However, the endorsement guides did not properly address the use of such tools, making it difficult for the FTC or any consumer advocacy groups to show that an influencer or brand is being deceptive when using them.

In the past, FTC investigations into unfair or deceptive endorsement and testimonial ads under the act would typically attempt to find the company, and in some instances the influencer, liable if the advertisement failed to follow the endorsement guidelines.

Because the endorsement guides remain advisory in nature, the government has the burden to show a violation of the law, and thus far no civil penalties have been associated with violating the endorsement guides or not following other published FTC resources.

The FTC's burden of proving that a company's particular use of an endorsement or testimonial, or an influencer's particular way of hiding a disclosure on the post, is deceptive under the law has also made it challenging for the FTC to seek any enforcement actions.

Expanding Liability Under the New Rules

The FTC continues to believe that endorsements must reflect the honest opinions or experience of the endorser, and they may not convey any representation that would be deceptive if made directly by the advertiser.5

This policy approach prompted the agency's press release of the revised guides to also warn advertisers that the use of integrated tools on social media platforms to regulate advertisements is inadequate. The FTC's criticism of these tools under the revised guides potentially opens up additional liability if influencers, companies and/or the platform at issue do not prominently display the disclosure.

Other revisions aim to clarify current rules and make it easier for the FTC to show the burden of proof of a violation as well as effectively monitor online digital deception.

Samuel Levine, director of the FTC's Bureau of Consumer Protection, stated that the agency's update would allow the agency to crack down on fake reviews and other forms of misleading marketing, especially those targeting younger audiences: Whether it's fake reviews or influencers who hide that they were paid to post, this kind of deception results in people paying more money for bad products and services, and it hurts honest competitors.

The FTC was seeking public comments on the following issues:

  • The use of sponsored and promoted advertising on social media;
  • Advertising embedded in games and virtual reality, and microtargeted advertisements;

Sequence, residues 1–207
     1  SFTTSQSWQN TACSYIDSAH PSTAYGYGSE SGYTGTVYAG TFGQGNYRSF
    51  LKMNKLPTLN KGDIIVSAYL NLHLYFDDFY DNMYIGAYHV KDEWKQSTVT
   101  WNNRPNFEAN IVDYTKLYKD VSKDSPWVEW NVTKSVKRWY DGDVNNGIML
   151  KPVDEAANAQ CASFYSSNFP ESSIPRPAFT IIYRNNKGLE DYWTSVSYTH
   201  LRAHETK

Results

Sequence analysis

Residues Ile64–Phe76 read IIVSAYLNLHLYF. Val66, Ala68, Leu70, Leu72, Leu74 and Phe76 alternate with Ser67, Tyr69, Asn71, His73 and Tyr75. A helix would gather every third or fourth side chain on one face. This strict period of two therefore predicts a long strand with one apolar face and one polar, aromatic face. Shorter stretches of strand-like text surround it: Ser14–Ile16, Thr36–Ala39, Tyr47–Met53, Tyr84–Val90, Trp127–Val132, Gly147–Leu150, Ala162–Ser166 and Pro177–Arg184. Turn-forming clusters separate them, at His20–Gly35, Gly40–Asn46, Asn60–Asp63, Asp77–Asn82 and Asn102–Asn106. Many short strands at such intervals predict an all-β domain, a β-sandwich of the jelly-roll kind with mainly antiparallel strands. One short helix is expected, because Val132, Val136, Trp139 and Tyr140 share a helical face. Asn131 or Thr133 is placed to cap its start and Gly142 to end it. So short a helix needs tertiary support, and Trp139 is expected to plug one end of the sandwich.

• The ubiquitous use of dark patterns and manipulative user interface designs used on websites, mobile apps and in digital advertising that pose unique risks to consumers;
  • Whether the current guidance adequately addresses advertising on mobile devices;
  • Whether additional guidance is needed to reflect the multiparty selling arrangements involved in online commerce and affiliate marketing arrangements;
  • How guidance on the use of hyperlinks can be strengthened to better protect consumers; and
  • The adequacy of online disclosures when consumers must navigate multiple webpages.

While most of the above proposals are clarifications or additional examples of the endorsement guides' existing principles, other proposals come from public comments previously received in The Federal Register during the FTC's previous attempt in February 2020 to change the rules.

These new principles represent substantive changes that reflect current consumer knowledge and how consumers receive information. To hold both companies and influencers responsible for deceptive advertising, the agency plans to expand or clarify the above principles under the act as follows:

Definition of "Endorsement"

The revision would expand the definition of "endorsement" and hold advertisers liable for an endorser's deceptive statement, even if the endorser is not found to be liable.

Section 255.1(d) of the endorsement guides currently recognizes that advertisers are subject to liability for false or unsubstantiated statements made through endorsements or for failing to disclose material connections between themselves and their endorsers.